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Connie McCarthy is passionate about her work as a teacher of young children. She has devoted her entire career to making sure that her students do well at school, right from the start. Connie has an undergraduate degree in Elementary Education, and a Master’s Degree in Special Education. She has been teaching first grade in East Providence, R.I. for 23 years, where she received the distinction of “Highly Qualified Teacher” by the Rhode Island State Board of Regents. Connie also taught nursery school for four years, and published numerous articles on early education in East Bay Newspapers in Bristol, R.I. She’s also been published in PTO Today Magazine. She lives with her husband, Brian, and has a daughter and a son, both young adults. Connie enjoys reading, writing about elementary education, and taking long walks with friends. During summer vacations, she likes to travel with her husband. She also loves reading readers’ comments on her weekly blog posts.

Make Math Facts More Automatic With Simple Math Games

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DiceThe more "automatic" your child can be with basic math facts, the more he or she will be able to easily recall them. This recall can then be applied to more difficult math calculations. In education, we call this math "automaticity."

Here are two simple ways to help your young child increase their math automaticity.

  • Start this activity using one die from a pair of dice. Directions: Have your child roll the die, count the dots, and tell you the number. Then ask, "What is the number that comes right before? What is the number that comes right after?" This game should be played for about 10-15 minutes at a time. Revisit the game often, eventually using up to four dice. You will be able to tell when to use additional dice by the ease of your child’s answers.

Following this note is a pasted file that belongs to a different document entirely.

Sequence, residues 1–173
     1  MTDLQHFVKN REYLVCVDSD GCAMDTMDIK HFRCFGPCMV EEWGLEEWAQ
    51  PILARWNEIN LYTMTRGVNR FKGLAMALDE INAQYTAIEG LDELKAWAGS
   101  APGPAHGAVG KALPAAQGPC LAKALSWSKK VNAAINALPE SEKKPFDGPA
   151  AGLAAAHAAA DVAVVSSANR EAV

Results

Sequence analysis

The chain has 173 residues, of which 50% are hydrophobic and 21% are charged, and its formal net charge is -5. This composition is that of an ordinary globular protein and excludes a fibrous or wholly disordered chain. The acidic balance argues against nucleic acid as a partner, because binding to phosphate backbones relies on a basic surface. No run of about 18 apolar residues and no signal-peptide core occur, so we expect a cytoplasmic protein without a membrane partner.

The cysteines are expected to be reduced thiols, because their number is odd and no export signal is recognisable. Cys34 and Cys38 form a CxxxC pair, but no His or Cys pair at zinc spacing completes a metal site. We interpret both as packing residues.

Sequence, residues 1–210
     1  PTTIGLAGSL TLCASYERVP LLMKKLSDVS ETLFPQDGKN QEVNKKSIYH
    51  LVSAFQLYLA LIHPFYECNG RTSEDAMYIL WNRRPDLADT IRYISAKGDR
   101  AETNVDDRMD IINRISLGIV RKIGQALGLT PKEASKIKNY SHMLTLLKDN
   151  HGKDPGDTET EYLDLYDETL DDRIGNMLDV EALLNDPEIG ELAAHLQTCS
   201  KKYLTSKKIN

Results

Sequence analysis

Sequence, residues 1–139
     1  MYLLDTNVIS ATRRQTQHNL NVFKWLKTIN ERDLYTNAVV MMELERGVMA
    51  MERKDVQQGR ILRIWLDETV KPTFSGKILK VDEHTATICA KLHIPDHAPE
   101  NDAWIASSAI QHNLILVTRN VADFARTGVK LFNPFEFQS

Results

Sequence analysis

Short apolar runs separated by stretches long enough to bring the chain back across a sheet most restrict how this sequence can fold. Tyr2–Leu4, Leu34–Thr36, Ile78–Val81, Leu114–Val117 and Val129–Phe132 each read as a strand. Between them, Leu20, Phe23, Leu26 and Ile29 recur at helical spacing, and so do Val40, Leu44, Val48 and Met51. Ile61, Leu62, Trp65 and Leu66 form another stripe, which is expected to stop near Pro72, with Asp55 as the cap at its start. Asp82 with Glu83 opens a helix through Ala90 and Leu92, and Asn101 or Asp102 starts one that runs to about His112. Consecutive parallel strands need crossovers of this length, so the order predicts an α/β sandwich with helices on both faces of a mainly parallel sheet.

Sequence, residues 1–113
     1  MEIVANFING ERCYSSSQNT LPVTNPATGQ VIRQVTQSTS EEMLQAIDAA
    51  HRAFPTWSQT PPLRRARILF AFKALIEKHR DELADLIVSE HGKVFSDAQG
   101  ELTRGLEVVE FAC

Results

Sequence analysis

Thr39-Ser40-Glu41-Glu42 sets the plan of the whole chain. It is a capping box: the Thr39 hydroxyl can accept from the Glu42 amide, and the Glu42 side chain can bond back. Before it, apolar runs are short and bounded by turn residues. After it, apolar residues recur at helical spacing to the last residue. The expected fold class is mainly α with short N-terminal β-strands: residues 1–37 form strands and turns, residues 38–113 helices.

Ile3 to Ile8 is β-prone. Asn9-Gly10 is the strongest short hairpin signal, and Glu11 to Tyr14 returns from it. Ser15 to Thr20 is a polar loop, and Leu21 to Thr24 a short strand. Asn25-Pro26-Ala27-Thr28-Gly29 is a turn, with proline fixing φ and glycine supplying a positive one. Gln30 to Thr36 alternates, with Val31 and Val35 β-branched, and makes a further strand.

When you use two dice, add the dots for the total number then have your child tell you the number that comes before and after. Using dice (two or more) involves addition, as well as number sequence. This practice helps your child know sequential numbers without having to go back and count, or use a number chart.

  • Young children love knowing "tricks." I taught my own children and my students the "1’s" trick and the "0’s" trick. Simply put, the one’s trick means when you plus one (+ 1) the answer is always the number that comes right after, or next. (For example (5+1=6) When you minus one (-1) the answer is always the number that comes just before. (5-1=4)


    The zero "trick" is that when you plus (+) or minus (-) zero the other number in the equation always stays the same.

Simple games like these make learning math facts fun!


#3 Joel Gaslin 2011-01-17 16:21
Here's a great resource for lots of math games and activities. There are games for all grade levels, some are free, some are in pdf downloadable ebooks and some are for the iPad, iPhone and iPod Touch.

#2 Jane 2011-01-16 16:20
I find that dice games are a great way to develop fact fluency while having fun with children. I recently came across a lot of useful resources for board and dice games in the addition and subtraction section at the website below after reading about it on a teacher blog:

#1 Lynn C 2011-01-13 17:15
Great tips! Thank you.

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